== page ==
• The Catalog Year determines which program sheet and degree requirements a student must fulfill in order to graduate. Visit with your advisor or academic department to determine which catalog year and program requirements you should follow.
  • See “Requirements for Undergraduate Degrees and Certificates” in the catalog for a complete list of graduation requirements.

Essential Learning Requirements

(31 semester hours)

See the current catalog for a list of courses that fulfill the requirements below.  If a course is an Essential Learning option and a requirement for your major, you must use it to fulfill the major requirement and make a different selection for the Essential Learning requirement.

English 1
ENGL 111English Composition I-GTCO13
ENGL 112English Composition II-GTCO23
Mathematics 1
MATH 113College Algebra-GTMA1 23
Select one History course3
Select one Humanities course3
Social and Behavioral Sciences
Select one Social and Behavioral Sciences course3
Select one Social and Behavioral Sciences course3
Fine Arts
Select one Fine Arts course3
Natural Sciences 3
Select one Natural Sciences course3
Select one Natural Sciences course with a lab4
Total Semester Credit Hours31

Other Lower Division Requirements

Wellness Requirement
KINE 100Health and Wellness1
Select one Activity course1
Essential Learning Capstone 1
ESSL 290Maverick Milestone3
ESSL 200Essential Speech1
Total Semester Credit Hours6

Foundation Courses

(17-19 semester hours, must pass all courses with a grade of "C" or higher. Foundation courses should be completed by the end of the sophomore year.)

BIOL 105Attributes of Living Systems-GTSC13
BIOL 105LAttributes of Living Systems Laboratory-GTSC11
CHEM 131General Chemistry I-GTSC1 14
CHEM 131LGeneral Chemistry Laboratory I-GTSC1 11
CHEM 132General Chemistry II-GTSC1 14
CHEM 132LGeneral Chemistry Laboratory II-GTSC1 11
Select one of the following:3-5
Probability and Statistics-GTMA1 2
Calculus I-GT-MA1 2
Total Semester Credit Hours17-19

Program Specific Degree Requirements

(51 semester hours, must pass all courses with a grade of “C” or higher)

Core Courses
BIOL 208
Fundamentals of Ecology and Evolution
and Fundamentals of Ecology and Evolution Laboratory
BIOL 301
Principles of Genetics
and Principles of Genetics Laboratory
BIOL 483Senior Thesis2
Required Related Study Area
PHYS 111
General Physics-GTSC1
and General Physics Laboratory-GTSC1
BIOL 106
Principles of Animal Biology
and Principles of Animal Biology Laboratory
BIOL 107
Principles of Plant Biology
and Principles of Plant Biology Laboratory
BIOL 403Evolution3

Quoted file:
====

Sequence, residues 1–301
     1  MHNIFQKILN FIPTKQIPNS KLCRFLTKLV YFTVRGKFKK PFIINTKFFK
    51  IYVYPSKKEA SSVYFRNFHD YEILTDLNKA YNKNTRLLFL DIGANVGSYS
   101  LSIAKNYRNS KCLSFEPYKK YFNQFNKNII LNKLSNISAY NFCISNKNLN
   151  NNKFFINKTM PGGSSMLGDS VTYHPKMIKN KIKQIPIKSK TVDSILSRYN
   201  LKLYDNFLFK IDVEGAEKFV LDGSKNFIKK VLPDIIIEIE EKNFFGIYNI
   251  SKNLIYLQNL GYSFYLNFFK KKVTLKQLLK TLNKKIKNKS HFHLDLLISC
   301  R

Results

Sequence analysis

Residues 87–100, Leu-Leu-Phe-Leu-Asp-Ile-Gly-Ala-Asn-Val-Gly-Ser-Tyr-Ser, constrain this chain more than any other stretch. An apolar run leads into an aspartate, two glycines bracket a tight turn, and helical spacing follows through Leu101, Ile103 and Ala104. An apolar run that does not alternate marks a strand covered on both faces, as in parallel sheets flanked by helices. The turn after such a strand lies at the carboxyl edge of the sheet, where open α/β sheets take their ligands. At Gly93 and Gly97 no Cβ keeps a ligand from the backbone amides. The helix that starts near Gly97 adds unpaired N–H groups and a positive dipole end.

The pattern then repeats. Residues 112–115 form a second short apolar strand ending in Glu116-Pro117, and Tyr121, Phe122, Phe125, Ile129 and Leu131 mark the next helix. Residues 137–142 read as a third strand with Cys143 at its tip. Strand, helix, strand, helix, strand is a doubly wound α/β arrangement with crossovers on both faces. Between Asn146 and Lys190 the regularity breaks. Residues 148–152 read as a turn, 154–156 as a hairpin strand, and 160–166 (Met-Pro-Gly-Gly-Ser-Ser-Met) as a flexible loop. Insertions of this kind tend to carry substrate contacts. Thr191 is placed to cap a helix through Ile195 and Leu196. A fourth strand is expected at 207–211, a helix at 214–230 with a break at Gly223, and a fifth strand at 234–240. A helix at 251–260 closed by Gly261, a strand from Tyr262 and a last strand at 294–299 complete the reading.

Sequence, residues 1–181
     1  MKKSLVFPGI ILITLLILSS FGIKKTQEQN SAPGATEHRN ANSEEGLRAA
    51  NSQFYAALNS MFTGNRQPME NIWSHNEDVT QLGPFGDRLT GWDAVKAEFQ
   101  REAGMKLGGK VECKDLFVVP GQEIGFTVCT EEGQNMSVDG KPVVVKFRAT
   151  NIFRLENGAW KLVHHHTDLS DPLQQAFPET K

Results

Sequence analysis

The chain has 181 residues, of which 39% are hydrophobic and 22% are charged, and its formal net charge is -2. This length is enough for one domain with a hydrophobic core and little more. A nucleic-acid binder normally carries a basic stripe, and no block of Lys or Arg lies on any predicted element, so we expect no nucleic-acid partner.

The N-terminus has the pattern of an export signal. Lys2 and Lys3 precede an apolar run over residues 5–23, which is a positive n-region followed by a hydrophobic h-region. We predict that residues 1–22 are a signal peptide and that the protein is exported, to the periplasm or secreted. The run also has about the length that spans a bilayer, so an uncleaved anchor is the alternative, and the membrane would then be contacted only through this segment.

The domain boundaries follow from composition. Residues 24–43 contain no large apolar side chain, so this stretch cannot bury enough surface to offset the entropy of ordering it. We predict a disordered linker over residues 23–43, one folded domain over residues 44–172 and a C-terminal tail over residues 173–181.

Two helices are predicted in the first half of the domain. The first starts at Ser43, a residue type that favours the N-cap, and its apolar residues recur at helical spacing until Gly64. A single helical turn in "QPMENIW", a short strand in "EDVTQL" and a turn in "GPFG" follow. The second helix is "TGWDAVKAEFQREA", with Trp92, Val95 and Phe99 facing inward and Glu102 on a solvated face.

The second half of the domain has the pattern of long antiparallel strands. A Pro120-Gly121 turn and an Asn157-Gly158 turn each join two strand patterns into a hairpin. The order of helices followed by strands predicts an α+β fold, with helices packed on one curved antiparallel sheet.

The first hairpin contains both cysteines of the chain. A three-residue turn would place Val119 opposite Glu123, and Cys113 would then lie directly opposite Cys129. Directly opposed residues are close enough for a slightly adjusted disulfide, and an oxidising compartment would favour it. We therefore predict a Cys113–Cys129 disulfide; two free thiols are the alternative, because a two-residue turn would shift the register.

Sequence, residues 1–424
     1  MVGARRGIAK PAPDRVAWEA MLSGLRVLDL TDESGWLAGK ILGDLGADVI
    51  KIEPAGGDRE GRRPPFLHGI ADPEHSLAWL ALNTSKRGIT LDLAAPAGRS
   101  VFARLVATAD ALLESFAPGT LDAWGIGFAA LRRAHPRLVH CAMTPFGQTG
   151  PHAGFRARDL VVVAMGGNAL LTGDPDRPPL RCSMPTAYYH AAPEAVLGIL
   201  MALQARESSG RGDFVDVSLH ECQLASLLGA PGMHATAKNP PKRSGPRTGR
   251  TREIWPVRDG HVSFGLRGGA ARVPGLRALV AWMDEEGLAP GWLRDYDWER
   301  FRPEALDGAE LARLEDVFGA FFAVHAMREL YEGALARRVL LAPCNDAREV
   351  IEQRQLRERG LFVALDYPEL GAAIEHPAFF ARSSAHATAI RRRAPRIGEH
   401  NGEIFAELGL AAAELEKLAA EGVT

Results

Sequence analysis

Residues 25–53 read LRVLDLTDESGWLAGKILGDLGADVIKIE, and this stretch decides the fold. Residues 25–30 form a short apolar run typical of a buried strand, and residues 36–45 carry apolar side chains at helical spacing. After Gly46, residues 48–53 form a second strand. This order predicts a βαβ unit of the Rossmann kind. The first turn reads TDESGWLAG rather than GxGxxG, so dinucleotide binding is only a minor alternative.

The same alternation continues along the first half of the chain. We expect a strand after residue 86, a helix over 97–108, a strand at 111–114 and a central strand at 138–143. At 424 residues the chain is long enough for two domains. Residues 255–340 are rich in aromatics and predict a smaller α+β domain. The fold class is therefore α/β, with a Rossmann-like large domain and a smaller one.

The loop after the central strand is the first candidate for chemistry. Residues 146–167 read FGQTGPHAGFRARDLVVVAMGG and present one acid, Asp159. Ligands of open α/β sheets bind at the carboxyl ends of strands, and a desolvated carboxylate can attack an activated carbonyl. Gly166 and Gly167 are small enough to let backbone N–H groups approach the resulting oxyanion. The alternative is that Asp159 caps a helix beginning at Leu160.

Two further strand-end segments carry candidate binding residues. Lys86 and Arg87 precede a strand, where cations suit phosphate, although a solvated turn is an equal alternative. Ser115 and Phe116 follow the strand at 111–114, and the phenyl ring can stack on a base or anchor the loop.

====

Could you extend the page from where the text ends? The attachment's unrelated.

BIOL 405
Advanced Ecological Methods
and Advanced Ecological Methods Laboratory
Additional Biology Courses
Select 20 semester hours, chosen from the lists below. At least 16 hours must be 300-level or above.20
Category 1: Cellular, Developmental, and Molecular
Cellular Biology
Developmental Biology
and Developmental Biology Laboratory
Forensic Molecular Biology
and Forensic Molecular Biology Laboratory
Laboratory Investigations in Cellular and Molecular Biology
Molecular Genetics
Biochemistry I
and Biochemistry Laboratory
Biochemistry II
Category 2: Organismal
Introduction to Microbiology-GTSC1
and Introduction to Microbiology Laboratory-GTSC1
Animal Behavior
and Animal Behavior Laboratory
Plant Identification
and Plant Identification Laboratory
Insect Biology
and Insect Biology Laboratory
Marine Biology
Invertebrate Zoology
and Invertebrate Zoology Laboratory
Fish Biology
and Fish Biology Laboratory
Small Mammal Biology
and Microbiology Laboratory
and Mammalogy Laboratory
and Ornithology Laboratory
and Herpetology Laboratory
Animal Parasitology
and Animal Parasitology Laboratory
Marine Invertebrate Communities
and Mycology Laboratory
Category 3: Anatomical and Physiological
Human Anatomy and Physiology
and Human Anatomy and Physiology Laboratory
Human Anatomy and Physiology II
and Human Anatomy and Physiology II Laboratory
Ecological Physiology
and Ecological Physiology Laboratory
Human Physiology
and Human Physiology Laboratory
Gross and Developmental Human Anatomy
and Gross and Developmental Human Anatomy Laboratory
Human Osteology
and Human Osteology Laboratory
Plant Physiology
and Plant Physiology Laboratory
Plant Anatomy
and Plant Anatomy Laboratory
Category 4: Ecology, Evolution, and Systematics
Ecosystem Biology
and Ecosystem Biology Laboratory
Plant Systematics
Taxonomy of Grasses
and Taxonomy of Grasses Laboratory
Plant-Animal Interactions
Tropical Field Biology
Desert Ecology
Freshwater Ecology
and Freshwater Ecology Laboratory